Additional details are on her website: https://sites.google.com/site/aimeeakane

Virtual on Zoom

Speaker:
Aimée A. Kane
Associate Professor of Management
Palumbo-Donahue School of Business
Duquesne University

Abstract:
This study examines emotional contagion in online group discussions, examining language as a mechanism of emotional contagion. In a lab study 235 participants interacted online with a partner who was an electronic confederate. We manipulated exposure to emotional language to test how a partner’s use of positive versus negative emotional language impacts participants’ felt emotions and their displayed emotional language. Status of one’s partner was manipulated to test how status moderates emotional contagion. We find that felt emotions are contagious in an online setting. Further, partner’s emotional language affect participant’s use of emotional language. We examine whether participant’s emotional language mediates the effect of partner’s emotional language on participant’s felt emotion and find some evidence for mediation through negative emotional language when interacting with a high-status partner. By controlling partner’s language, we find that positive emotional language of one’s partner leads to more group reflection and less perception of conflict, both task and relational.

Bio:

Portrait of Aimée A. Kane

Aimée A. Kane

Aimée A. Kane is an Associate Professor of Management at the Palumbo-Donahue School of Business at Duquesne University. Dr. Kane’s research focuses on group processes and reveals how members come together, learn, and collaborate effectively, despite the boundaries that separate them. Her research contributes to the organizational sciences, psychological sciences, communication sciences, and computer sciences. It has been published in key journals, conference proceedings, and handbooks, and won awards. Small Group Research awarded her article Language and group processes: An integrative, interdisciplinary review a Best Article Award. The Academy of Management identified “Am I still one of them?”: Bicultural immigrant managers navigating social identity threats when spanning global boundaries as a finalist for the International Human Resource Management Scholarly Research Award. The Palumbo-School of Business awarded her a Harry W. Witt Faculty Fellowship, and awards for research excellence. Dr. Kane is currently an associate editor at Group Dynamics: Theory, Research and Practice and on the editorial boards of the Academy of Management Discoveries and Organization Science journals. She holds a Ph.D. and a M.S. in organizational behavior and theory from the Tepper School of Business at Carnegie Mellon University and a B.A. from Duke University, where she was elected to Phi Beta Kappa. Prior to joining Duquesne, Kane was an Assistant Professor of Management and Organizations at New York University’s Stern School of Business.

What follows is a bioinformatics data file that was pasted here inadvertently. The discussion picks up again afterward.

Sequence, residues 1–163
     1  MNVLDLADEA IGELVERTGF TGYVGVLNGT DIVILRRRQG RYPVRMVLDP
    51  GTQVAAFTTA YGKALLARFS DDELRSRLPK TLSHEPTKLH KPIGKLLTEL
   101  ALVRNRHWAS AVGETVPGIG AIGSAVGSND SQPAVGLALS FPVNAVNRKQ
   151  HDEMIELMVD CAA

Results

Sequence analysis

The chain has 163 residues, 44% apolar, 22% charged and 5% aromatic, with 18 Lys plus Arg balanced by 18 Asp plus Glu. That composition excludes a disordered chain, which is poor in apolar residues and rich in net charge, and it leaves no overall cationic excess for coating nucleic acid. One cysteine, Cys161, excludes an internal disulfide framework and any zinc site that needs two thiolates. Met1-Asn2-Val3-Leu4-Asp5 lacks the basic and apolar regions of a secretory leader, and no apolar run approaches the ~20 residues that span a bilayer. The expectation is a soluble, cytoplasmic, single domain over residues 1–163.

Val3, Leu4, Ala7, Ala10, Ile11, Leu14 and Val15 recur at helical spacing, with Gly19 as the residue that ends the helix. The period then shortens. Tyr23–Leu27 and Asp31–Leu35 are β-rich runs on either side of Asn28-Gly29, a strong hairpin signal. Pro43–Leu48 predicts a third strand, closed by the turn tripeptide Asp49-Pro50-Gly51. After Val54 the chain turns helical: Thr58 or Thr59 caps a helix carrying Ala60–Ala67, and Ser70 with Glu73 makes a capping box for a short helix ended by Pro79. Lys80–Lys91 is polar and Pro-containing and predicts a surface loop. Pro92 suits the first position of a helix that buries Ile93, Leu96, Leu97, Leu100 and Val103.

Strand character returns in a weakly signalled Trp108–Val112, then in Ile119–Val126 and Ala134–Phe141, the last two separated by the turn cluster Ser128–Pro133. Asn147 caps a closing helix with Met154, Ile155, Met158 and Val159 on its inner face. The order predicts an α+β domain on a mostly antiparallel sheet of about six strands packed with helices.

Additional details are on her website: https://sites.google.com/site/aimeeakane

Zoom Registration Link